The past five years have been boom times for alternative lending companies in Southeast Asia, lending to unbanked or underbanked individuals, who account for 70% of the region’s population. Fintech investment platforms have quickly become important sources of capital, especially for small business owners. One example is the Singapore-based company Helicap.
Helicap founder and CEO David Zi Wang steps down after eight years at bank In the year In 2016, to establish the first investment company 33 Capital. But he realized that alternative lending is one of the most profitable sectors and looked for a way to enter this market using technology to expand financial participation in the region.
“In late 2017 and early 2018, we found that digital lending is growing at a very good pace,” Wang said. CASIA. “Not only what we call peer-to-peer (P2P) players, but also traditional lenders through microfinance.”
In the year In 2017, he teamed up with two friends, Quentin Vanokel and Jeremy Tan, both of whom have experience in the venture capital field, and founded Helicap.
The company facilitates loan capital for small and medium enterprises (SMEs) and micro business owners in Southeast Asia, Hong Kong and Australia by attracting capital from a network of investors such as family offices, impact funds, high profile investors and institutional investors. Investors. Its proprietary software provides big data analysis to evaluate potential investments, Wang explained.
Helicap aims to fill the $500 billion credit gap for SMEs by lending to 300 million unbanked and underbanked people in the region, according to the organization’s website.
Instead of lending directly to borrowers, funds are distributed through systems such as microfinance institutions or peer-to-peer (P2P) crowdfunding platforms, which provide the funds.
Wang said this method allows Helicap to reach more borrowers without doing extra legwork. “If we do it ourselves, we can only reach hundreds of borrowers. But if we go into our partners, where each holds, say, thousands of borrowers, we can reach millions.
The company is not at that stage yet. Currently, Helicap has reviewed more than 300 platforms, including micro-financiers, peer-to-peer crowdfunding platforms, and small and medium enterprises (SMEs) to gather information on potential investors. Helicap’s role is to provide investors with reliable and detailed analysis, Wang said.
Helicap uses artificial intelligence to crunch data sent monthly by its partners to normalize financial metrics such as loan book sizes and return rates. “We put [the data] To our system and we create reports [for investors] In minutes,” Wang said, noting that the same process “could take months” if done manually.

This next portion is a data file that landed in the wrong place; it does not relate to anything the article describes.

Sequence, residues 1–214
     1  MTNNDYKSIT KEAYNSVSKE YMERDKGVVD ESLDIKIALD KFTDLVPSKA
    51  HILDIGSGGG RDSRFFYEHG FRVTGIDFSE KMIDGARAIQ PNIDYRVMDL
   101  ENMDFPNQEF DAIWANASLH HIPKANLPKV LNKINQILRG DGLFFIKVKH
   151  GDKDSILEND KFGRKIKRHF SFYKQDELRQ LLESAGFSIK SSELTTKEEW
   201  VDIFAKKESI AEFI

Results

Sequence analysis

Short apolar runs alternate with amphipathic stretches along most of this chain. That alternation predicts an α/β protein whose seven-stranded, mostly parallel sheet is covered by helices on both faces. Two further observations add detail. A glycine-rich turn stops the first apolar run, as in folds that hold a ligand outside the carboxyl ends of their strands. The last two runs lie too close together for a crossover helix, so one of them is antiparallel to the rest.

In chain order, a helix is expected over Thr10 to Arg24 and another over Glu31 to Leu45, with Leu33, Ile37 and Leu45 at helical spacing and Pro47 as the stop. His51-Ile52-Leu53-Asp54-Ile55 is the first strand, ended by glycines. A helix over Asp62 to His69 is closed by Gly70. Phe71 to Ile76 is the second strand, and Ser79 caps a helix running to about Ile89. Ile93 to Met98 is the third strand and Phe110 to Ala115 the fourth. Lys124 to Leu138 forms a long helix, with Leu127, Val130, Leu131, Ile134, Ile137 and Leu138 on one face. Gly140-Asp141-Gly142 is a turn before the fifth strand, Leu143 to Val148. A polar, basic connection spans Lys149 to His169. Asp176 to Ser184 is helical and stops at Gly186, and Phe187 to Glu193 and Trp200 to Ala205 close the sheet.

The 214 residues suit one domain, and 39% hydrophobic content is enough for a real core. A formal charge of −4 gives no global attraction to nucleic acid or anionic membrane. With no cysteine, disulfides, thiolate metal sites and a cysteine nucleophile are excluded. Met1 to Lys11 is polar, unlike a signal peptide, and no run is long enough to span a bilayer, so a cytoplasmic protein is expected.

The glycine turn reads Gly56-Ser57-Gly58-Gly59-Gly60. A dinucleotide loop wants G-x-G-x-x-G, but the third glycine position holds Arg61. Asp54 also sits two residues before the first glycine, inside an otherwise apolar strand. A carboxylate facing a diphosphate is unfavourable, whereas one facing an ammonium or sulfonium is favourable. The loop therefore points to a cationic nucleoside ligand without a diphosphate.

In the year In 2019, Helicap registered its fund management subsidiary Helicap Investments with the Monetary Authority of Singapore. This allows the company to perform regulated fund management activities with up to 30 accredited and institutional investors and up to SGD 250 million ($176 million) in assets under management. In the same year, Helicap acquired Arcor Capital, a capital markets services licensee to sell capital markets products.
The company has invested in 15 platforms so far, but Wang declined to share more information.
Helicopter services are available in Indonesia, Vietnam, Cambodia and the Philippines. Through Helicap’s platforms, the company has provided loans of approximately $40 million to more than 150,000 small and medium enterprises (SMEs) and individuals.
New business lines
In April, Helicap closed a $10 million Series A round led by Saison Capital, the venture capital arm of Japanese financial services company Credit Saison. The investment increased Helicap’s total capital to $18 million, Wang said.
The firm has partnered with Credit Saison for a pilot project in Southeast Asia, where Credit Saison will use Helicap’s credit analysis tool to identify debt financing opportunities. The pilot will focus on areas such as health or education that make a significant difference to consumers. Helicap will provide data analytics and technology services to Credit Saison, Wang said.
In the next few years, Wang plans to establish regional teams to expand into new Asian markets. The firm is working to improve credit analysis platforms to perform predictive analytics. Along with medtech and edtech loans, Helicap can also branch into other sub-sectors of personal finance, such as post-payment services.
This article is part of KrASIA’s “Startup Stories” series, where KrASIA writers talk to founders of tech companies in South and Southeast Asia.